Stackpole Church, Churches and Chapels Stackpole, Pembrokeshire - Wales where to go, what to see and where to stay in Wales

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Castlemartin Peninsula Stackpole Pembrokeshire Wales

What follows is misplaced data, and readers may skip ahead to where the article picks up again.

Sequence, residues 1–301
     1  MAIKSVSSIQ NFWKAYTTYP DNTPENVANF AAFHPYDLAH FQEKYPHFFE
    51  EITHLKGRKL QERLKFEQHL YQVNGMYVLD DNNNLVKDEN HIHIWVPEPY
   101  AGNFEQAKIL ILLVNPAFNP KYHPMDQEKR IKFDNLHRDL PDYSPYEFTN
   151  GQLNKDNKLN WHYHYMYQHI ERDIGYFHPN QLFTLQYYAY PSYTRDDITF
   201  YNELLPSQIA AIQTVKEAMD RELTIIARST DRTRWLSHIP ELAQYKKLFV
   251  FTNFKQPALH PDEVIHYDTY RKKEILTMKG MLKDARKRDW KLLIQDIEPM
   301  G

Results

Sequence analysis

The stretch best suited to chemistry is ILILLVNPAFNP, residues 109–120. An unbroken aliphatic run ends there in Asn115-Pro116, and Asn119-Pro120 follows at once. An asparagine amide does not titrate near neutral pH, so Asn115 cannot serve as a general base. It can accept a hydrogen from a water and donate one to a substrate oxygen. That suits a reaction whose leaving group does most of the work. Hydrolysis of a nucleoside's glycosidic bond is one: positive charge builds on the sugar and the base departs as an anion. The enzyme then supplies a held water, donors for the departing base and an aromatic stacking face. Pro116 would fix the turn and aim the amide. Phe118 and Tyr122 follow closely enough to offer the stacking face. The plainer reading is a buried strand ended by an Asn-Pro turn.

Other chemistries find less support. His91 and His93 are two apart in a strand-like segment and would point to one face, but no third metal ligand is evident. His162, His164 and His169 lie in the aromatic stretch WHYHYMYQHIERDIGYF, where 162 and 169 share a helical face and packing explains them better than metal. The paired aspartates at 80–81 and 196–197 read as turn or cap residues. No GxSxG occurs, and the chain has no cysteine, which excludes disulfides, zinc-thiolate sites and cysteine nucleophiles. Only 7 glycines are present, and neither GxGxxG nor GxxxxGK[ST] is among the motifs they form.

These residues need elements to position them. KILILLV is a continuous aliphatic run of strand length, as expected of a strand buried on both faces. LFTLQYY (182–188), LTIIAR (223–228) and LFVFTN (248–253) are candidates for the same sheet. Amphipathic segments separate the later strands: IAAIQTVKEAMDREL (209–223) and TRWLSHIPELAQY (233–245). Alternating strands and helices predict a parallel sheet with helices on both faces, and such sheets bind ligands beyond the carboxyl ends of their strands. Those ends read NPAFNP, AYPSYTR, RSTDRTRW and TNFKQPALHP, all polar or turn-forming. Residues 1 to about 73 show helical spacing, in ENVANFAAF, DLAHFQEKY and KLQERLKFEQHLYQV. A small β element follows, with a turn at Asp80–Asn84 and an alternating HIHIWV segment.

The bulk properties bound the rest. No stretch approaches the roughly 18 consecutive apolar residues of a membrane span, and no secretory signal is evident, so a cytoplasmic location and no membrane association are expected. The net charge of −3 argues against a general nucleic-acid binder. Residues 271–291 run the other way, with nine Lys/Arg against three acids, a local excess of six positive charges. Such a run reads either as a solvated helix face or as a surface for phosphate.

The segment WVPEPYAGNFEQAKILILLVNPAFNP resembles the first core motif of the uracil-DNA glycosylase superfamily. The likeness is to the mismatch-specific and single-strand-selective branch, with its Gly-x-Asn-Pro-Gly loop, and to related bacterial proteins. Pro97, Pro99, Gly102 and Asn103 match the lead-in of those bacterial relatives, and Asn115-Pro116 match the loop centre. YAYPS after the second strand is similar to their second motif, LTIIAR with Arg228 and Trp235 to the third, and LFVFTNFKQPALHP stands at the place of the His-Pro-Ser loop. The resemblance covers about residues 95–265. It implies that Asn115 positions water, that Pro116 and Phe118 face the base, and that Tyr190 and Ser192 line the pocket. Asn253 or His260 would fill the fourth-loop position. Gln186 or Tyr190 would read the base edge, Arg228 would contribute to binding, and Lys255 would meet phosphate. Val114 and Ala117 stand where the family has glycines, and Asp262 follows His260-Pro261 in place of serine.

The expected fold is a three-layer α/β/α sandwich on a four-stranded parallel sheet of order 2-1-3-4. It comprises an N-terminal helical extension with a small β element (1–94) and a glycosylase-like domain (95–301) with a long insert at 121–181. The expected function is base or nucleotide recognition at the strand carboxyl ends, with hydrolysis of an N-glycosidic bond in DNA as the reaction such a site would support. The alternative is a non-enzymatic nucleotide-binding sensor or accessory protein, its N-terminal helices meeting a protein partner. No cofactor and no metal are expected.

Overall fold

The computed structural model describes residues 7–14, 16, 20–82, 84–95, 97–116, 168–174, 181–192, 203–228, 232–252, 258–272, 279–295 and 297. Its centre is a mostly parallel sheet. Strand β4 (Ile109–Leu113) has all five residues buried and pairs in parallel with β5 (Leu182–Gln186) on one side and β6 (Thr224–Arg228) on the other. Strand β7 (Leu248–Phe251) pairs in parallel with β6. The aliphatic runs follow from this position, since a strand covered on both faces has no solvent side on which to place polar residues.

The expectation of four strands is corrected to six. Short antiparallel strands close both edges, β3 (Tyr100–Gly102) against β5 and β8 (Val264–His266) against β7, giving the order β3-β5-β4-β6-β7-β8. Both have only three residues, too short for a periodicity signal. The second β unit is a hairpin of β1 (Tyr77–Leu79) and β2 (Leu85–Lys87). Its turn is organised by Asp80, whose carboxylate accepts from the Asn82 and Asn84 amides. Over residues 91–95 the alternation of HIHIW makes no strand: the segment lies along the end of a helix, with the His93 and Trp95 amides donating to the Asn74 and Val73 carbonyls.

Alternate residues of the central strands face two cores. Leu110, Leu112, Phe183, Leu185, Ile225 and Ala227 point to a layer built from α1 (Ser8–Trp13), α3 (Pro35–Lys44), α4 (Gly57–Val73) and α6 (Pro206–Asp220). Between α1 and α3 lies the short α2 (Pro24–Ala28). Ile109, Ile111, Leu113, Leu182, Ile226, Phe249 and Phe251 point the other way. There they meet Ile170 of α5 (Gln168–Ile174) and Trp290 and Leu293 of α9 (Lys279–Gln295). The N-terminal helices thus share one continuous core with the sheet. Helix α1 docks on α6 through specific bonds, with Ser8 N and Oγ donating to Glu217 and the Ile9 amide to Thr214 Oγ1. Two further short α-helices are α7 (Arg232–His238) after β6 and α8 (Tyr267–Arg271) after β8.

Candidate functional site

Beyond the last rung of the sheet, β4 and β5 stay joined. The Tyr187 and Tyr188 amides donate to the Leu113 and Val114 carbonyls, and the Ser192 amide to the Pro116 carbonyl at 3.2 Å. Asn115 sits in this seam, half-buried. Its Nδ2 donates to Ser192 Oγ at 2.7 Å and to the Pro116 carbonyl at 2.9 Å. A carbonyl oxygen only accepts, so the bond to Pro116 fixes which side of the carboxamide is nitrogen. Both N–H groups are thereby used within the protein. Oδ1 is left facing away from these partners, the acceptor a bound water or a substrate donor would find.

Stackpole Church is situated in the village of Stackpole Elidor, otherwise known as Cheriton on the Castlemartin peninsula of Pembrokeshire, Wales. The church is dedicated to St James and St Elidyr, and goes back probably to the 12th century. | The layout of the Church is in the traditional cruciform shape, aligned East to West, with a chancel and nave flanked by two transepts.| The tall, slender tower, typical of South Pembrokeshire, is undoubtedly the oldest part of the structure, dating back probably to the 13th or late 12th century. It appears that by 1851 the state of the fabric of the Church made a complete restoration essential, and John Frederick Campbell, 1st Earl Cawdor, engaged Sir George Gilbert Scott, the most respected English church architect of the day, to direct the work of restoration.| Today it is generally agreed that the present church is the typical sound, workmanlike building that Scott produced in his renovations, with a typical tall, narrow chancel arch, colourful Minton tiles on the chancel floor and sanctuary walls, and the typical Middle English or Decorated style of tracery in the main windows. However, the transepts retain their 14th century vaulting, and the Lort chapel its rib vaulting. | In the chancel there are two striking effigies on tomb chests, traditionally identified with the founder of the Church, Sir Elidor de Stackpole and his wife, the Lady Elspeth. The style of the two effigies is considered to be considerably later than their period, but it was not uncommon for descendents to erect monuments to long dead forebears in contemporary style, as many church brasses bear witness. The legs of the knight's effigy are crossed, commonly interpreted as showing that the knight had been to the crusades. According to tradition, Sir Elidor de Stackpole went to the Crusades with Richard I.| High up over the organ on the north wall of the chancel there is a marble memorial in the Italian Gothic style to Rear Admiral the Honourable George Pryse Campbell, and in the south transept there is a memorial to Ronald Elidor Campbell.| One of the two large hatchments on the north wall of the nave is that of the first Earl Cawdor, whose arms also appear in the tiling of the chancel floor, impaled with those of his wife. The other is the arms of Sarah Mary, Countess Cawdor, wife of John Frederick Vaughan, second Earl Cawdor.| On the south side of the chancel there is a small chapel, known as the Lort Chapel, which contains a number of interesting monuments. Under the east window there is a rough pillar stone with a damaged Latin inscription, CAMULORIC -/- FILIFANNUC, Camulorix, son of Fannucus. Nothing more is known about the stone or its original location, but it may be that of an early chieftain of the district. | The most imposing tomb in the Lort Chapel is that of John first Earl Cawdor, by John Forsyth.| One of the most striking monuments in the chapel is that to Roger Lort, Lord of the Manor of Stackpole, who died in 1613. The figures of Roger Lort and his wife Abertha face each other, and underneath are depicted their seven sons and five daughters, all in deep mourning.
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